"When Truth Is Not Popular"

Sermon Preached By Rev. Richard E. Stetler - February 1, 2004

Jeremiah 1:4-10; Luke 4:21-30

     The episode recorded in our Gospel lesson this morning demonstrates once again that humanity has not changed much through the centuries.  We still allow other people to control our state of mind by the words they say or by the behavior they display.  We can be totally enthralled with a person one minute, and within a very short time, they can produce emotions within us that are at the opposite extreme.

     Go back in time and imagine this scene:   During his regular Sabbath worship experience, Jesus read from the Isaiah scroll.  When he finished reading, he spoke about the passage.  Our lesson reports, "All the people in the synagogue had their eyes fixed on him.  They were all well impressed with him and marveled at the eloquent words that he spoke."  (Luke 4:22) 

     Jesus, however, did not quit while he was ahead. He continued to speak causing a rapid change in the mood of his listeners.  Listen how the author of Luke records their reaction, 

When the people in the synagogue heard his additional words, they were filled with anger.  They rose up, dragged Jesus out of town, and took him to the top of the hill on which their town was built.  They were going to throw him off the cliff, but he walked through the middle of the crowd and went his way.  ( Luke 4:28-30) 

     Most of us believe ourselves incapable of such a reaction. That is probably an accurate observation.  However, we are not always as thoughtful or careful with our responses as we believe.  

     For example, in recent weeks the media repeatedly recycled Howard Dean's enthusiastic response following the Iowa Caucuses.  Because of his emotional reaction, he lost ground in the polls. His financial basis has eroded. We heard a number of commentators say that such a display demonstrated that Dean is not "presidential" enough.  His 14 second exposure moved him from first to third.  Have we changed that much during the last 2,000 years?  What is very suspect is how we choose to perceive.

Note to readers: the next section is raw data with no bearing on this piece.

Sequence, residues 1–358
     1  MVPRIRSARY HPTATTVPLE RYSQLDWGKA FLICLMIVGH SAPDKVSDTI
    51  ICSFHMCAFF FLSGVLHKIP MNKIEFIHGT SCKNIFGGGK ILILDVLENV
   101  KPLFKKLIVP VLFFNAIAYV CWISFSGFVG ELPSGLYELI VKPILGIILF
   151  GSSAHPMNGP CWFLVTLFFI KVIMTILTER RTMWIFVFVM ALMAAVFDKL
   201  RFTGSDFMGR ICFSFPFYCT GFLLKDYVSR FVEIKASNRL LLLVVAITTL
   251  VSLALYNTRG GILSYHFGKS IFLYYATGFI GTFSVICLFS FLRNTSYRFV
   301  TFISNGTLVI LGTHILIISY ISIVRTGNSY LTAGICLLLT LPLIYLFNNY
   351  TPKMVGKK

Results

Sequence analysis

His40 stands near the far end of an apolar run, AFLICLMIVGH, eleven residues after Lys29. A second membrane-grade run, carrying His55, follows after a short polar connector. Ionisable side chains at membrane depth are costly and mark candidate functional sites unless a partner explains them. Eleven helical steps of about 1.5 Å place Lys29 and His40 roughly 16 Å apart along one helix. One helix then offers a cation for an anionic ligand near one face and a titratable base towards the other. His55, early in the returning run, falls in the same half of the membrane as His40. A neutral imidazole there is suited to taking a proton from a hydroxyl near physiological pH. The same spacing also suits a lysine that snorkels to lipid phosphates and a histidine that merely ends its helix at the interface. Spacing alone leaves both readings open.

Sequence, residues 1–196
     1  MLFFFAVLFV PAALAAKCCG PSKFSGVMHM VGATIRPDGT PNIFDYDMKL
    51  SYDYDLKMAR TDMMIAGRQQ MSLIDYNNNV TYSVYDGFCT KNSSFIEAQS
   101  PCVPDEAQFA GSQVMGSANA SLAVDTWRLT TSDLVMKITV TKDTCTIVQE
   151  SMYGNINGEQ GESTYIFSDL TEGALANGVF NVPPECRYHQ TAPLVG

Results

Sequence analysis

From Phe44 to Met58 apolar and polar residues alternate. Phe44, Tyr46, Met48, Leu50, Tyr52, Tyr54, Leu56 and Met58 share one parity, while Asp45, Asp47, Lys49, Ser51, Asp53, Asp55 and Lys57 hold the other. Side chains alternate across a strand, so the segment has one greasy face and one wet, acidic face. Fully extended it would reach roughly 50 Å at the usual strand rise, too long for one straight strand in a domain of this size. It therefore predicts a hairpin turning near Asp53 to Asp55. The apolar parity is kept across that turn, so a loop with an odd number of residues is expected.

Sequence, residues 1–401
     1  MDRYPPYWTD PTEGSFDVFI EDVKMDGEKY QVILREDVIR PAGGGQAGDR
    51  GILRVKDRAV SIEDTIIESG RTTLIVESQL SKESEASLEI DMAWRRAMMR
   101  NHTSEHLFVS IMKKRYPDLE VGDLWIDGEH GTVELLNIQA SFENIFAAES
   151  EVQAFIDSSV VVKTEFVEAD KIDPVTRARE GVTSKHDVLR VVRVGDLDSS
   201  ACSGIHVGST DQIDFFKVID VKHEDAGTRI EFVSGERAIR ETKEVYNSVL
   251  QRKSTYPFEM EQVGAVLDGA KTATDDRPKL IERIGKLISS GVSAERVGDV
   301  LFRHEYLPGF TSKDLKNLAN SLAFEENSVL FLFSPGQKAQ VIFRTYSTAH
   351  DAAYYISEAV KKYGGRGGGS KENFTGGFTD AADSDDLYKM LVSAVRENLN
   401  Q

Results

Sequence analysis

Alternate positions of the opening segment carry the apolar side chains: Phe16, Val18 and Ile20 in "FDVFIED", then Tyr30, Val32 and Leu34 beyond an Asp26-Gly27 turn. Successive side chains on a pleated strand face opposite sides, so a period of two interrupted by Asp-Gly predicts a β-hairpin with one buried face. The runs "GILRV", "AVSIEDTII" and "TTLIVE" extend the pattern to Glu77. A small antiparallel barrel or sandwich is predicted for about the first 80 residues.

I recall seeing a clever commercial during the Christmas holidays.  A woman received a gigantic gift.  Her face wore a bright, enthusiastic, glowing smile. She excitedly tore off the paper revealing a treadmill.  Instantly her hands went on her hips and her smile was transformed into a look of irritation.  She said to her mate, "So, you think I'm fat?"  Within seconds she went from joy to anger.  Have we changed that much in 2,000 years?

     We toss the word "Truth" around as though we are capable of recognizing it when it comes our way.  Perhaps we are overly confident in our ability to perceive correctly.   Imagine people being awe-struck by Jesus' eloquence one minute and in the next minute being capable of such rage that they were prepared to throw him to his death. We cannot imagine this. Yet it happened then and it happens today.   

    Each of us has our own style of expressing our discomfort and displeasure. Some people are very good at hiding the fact that they are spiritually stuck.  They behave as though they have few  tools for dealing with someone who does not fit into the mold they would prefer.  They quietly smolder, brood, remain aloof and display a facial expression that communicates, "I don't care if I ever see them again!" The truth is that we have lots of tools at our disposal.  We are simply choosing not to use them.  Remaining in an unforgiving posture is the choice of those who demand that others must change.   

     Our walk with God lifts the bar on such responses and shows us what is possible.  Our faith should help us recognize that we never have to settle for remaining as we are.  It is quite possible for us to say:  "You have an interesting point of view, but I see things differently." "While I understand your response, this is how I feel."  Or, "I could never allow someone's smallness to limit my enthusiasm for life."